What I am saying to you is that this world is far more rich and dare I say ‘magical’ than you are willing to see. What I am saying is here is that the valiant fly swatter, skater, and waterfall downspout gazers are more realistic than you are! They see realities that exist that you fail to see. Your rationality prevents you from seeing the world as it ACTUALLY IS.

I could go on and on. The writer sees the English language with all its grammar and syntax as a great possibility for a story. The novelist sees more than just the function of grammar, they see a deeper more real reality! The rest of us see vocabulary and rules that we need to learn.

Hopefully what I have said above has piqued your interest, at least just a little. As you look down at your keyboard what do you see? Mere keys, or is it a device that enables you create and destroy worlds, to bring healing to people’s brokenness, and to expose wickedness. The REAL possibilities at your fingertips right now are staggering. Or what of your kitchen table, is it a mere place to eat your food and have some conversation. Or is it a place where you tell war stories about slain monsters, and discovered waterfalls. Is it a place to eat and complain about the days issues, or go through a few formalities of family life, or is it a conference of warriors, and explorers? Are you catching my drift? There are ACTUAL realities that exist around your own table that your view of the world does not allow you to see!

I would contend that the only worldview that actually seeks realities beyond the mere rational form and function of everything is indeed Christianity. In the eastern religions the goal is to ultimately separate from reality, that somehow entering into a state of nothingness can one truly experience spiritual life. Transcendentalism teaches essentially that matter is bad. These worldviews would teach us to learn that the downspout doesn’t matter, and that if we can get ourselves to the point where the downspout and nothing else for that matter affects us then we will truly be free. It’s bogus! I tell you that the waterfall was enjoyable and beautiful precisely because we realized it was REAL. It was not our distance that brought pleasure, it was putting our hand under it and enjoying it!

The reason I say Christianity gives us the proper worldview is because in it we realize that all things were created by and for Christ. All of it. We also see that we are indeed co-heirs with Christ, in other words this whole world in a very real sense is ours. When we say all things are created by Him we really mean ALL, from waterfalls to wrenches, it is all the creation of God. If indeed all things are ours as co-heirs with Him then we can determine how to use them as we please. Let me give an example. If I have a wrench, I can limit it’s usage to turning bolts, or I could make it a pendulum for a clock, or I could use that flat part as a mirror to pull out my nose hairs. It’s my wrench, therefore the possible realities for that wrench are limitless. Of course we are bound by laws of God so that we would not steal the wrench, or kill someone with it, but beyond illegal usage we are unbound. So it is with the entire world!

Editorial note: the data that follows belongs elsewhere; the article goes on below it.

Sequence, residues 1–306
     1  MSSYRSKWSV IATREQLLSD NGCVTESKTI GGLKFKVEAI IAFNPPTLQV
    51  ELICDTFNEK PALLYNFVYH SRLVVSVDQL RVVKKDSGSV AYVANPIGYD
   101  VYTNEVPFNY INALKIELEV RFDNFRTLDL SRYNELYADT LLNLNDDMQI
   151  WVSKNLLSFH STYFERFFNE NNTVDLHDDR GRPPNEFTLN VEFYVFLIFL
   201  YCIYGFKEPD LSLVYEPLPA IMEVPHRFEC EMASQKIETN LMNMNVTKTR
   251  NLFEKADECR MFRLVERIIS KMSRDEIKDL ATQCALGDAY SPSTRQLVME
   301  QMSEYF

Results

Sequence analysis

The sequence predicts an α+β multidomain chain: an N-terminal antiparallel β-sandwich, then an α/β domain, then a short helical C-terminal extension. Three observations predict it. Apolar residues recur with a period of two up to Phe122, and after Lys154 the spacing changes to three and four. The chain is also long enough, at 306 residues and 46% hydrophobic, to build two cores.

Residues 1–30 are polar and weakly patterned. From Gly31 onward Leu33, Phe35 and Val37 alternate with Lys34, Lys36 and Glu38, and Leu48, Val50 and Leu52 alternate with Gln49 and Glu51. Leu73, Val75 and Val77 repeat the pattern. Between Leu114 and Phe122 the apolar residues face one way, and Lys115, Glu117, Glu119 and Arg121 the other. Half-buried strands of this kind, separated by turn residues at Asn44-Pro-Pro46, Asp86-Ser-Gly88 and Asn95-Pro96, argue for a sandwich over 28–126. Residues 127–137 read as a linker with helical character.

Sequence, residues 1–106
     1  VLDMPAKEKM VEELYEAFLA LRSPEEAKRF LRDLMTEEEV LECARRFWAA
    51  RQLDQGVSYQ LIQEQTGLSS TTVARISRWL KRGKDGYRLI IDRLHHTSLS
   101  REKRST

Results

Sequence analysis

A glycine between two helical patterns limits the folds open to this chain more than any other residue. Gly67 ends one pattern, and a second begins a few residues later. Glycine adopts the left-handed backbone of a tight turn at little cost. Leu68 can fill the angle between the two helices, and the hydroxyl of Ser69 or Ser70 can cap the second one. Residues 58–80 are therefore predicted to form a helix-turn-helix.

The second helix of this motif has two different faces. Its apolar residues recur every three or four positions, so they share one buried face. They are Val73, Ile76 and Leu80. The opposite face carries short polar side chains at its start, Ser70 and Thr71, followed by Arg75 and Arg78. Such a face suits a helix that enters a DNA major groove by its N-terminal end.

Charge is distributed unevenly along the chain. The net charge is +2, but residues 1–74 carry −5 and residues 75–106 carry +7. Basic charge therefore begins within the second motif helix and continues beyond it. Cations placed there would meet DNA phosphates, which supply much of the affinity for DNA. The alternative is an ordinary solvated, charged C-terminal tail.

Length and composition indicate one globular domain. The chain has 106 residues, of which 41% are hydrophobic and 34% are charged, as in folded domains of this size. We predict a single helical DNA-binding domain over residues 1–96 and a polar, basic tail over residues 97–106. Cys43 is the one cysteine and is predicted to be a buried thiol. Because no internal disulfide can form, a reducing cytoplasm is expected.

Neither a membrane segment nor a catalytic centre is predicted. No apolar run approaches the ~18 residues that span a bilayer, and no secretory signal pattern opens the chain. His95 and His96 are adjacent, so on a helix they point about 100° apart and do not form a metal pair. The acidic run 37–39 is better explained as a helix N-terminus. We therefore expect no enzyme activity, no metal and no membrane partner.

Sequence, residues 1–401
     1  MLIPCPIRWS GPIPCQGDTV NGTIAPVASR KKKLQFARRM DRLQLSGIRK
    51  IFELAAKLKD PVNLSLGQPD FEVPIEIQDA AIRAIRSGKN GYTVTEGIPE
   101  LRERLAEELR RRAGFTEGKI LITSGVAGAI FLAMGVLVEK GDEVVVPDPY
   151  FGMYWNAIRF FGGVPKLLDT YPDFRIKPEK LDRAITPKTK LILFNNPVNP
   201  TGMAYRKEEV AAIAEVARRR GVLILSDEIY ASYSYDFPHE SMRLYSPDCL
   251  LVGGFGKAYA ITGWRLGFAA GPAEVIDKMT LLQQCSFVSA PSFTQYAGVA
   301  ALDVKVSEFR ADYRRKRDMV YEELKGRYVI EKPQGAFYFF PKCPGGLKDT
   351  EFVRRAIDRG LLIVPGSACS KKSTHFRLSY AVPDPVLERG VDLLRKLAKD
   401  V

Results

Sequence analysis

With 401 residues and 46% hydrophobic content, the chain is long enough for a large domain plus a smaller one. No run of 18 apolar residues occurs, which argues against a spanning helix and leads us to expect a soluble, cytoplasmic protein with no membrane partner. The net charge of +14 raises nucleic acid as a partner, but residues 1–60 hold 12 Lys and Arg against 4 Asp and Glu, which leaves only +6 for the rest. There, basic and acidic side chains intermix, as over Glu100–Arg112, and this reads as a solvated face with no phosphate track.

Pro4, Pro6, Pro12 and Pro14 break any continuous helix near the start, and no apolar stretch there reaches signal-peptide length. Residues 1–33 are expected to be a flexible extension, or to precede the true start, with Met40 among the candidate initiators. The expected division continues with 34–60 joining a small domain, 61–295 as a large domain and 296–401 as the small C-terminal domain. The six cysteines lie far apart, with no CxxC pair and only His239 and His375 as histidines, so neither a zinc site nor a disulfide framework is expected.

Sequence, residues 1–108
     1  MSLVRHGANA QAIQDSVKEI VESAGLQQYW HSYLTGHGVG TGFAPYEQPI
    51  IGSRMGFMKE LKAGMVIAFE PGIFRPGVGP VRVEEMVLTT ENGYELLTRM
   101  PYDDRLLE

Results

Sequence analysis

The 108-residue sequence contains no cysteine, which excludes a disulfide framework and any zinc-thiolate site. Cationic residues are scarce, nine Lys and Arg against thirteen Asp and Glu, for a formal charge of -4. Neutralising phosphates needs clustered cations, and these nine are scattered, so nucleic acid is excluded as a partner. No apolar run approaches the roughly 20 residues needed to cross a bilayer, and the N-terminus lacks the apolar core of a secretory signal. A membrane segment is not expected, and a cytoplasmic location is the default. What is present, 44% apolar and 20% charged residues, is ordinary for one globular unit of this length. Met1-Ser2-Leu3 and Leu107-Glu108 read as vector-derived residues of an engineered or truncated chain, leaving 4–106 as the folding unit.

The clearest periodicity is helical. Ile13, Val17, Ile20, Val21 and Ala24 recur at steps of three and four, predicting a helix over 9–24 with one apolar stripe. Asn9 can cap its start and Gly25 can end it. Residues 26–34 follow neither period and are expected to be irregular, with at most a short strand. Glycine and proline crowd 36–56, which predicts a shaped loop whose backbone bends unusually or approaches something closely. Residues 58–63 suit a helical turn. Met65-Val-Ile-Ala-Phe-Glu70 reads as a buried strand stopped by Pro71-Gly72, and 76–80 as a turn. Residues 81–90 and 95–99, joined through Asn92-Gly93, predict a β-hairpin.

Even evil and pain function within this worldview to make something beautiful. Evil itself was the mere nemesis which God had nailed to himself in victory! There is a cosmic throw down which Christ won on the cross. It is a really beautiful thing, him reconciling the world to himself with real flesh and blood, a real cross with real nails. The existence of evil itself proves that there is the existence of good. The tension of good and evil makes the world all the more beautiful. Without pain there is no joy of healing.

In Christianity we have a sovereign God, the author of reality, all realities, nothing has been made that was not made by him. That means that even the reality to the skater is a reality created by him. The waterfall was His waterfall, the kitchen table is his command center, the evil housefly monster is a villain created by him that I might be the valiant king of my home. Do you see it?

If you can’t see it don’t quickly dismiss it. I assure you that in the middle of downtown Toledo there is a playground that spans over a hundred acres… you might just need to be a fruit-booter to see it. Unbeliever I implore you to look at the world through the eyes of a Christian, not one of those creepy Christians, but look at the world as a world created by and for Christ, a world of intense order and beauty that contains realities you have yet to imagine! You might just see there is more to all of this than you ever imagined.


Anonymous said...

Life is so wonderful when you stop and appreciate what God has given and sacrificed for us all. You have the power which He gives you to take any situation and turn it into a positive one (just like the downspout "waterfall"). Every time I am near a body of water it holds so many possibilities from having fun in it to a relaxing, tranquil and spiritual feeling. Your post, Jay, makes a person take some time out and really look at life that God has blessed us with. What we do with our life is up to each of us and we need to stop "and smell the roses" so to speak and look beyond the everyday chores and obligations. Take notice of what is really around you. Thanks, Jay. ~~ Carole H.

Bruce R said...

4 Whosoever therefore shall humble himself as this little child, the same is greatest in the kingdom of heaven
Matt 18:4 (KJV)
I really enjoyed this post, Jay. God gives us so many blessings everyday, but we are so occupied by what we think is important that we don't stop and see the wonder of a flowing downspout.
But, your words reminded me of my childhood when we would race twigs along the flowing water in the street curbs. We found great joy in finding just the right stick and watching it run along the street, seeming to steer it's way around rocks and debris in the way. We were amazed.
I think I'll take Zach out to do that the next time it rains.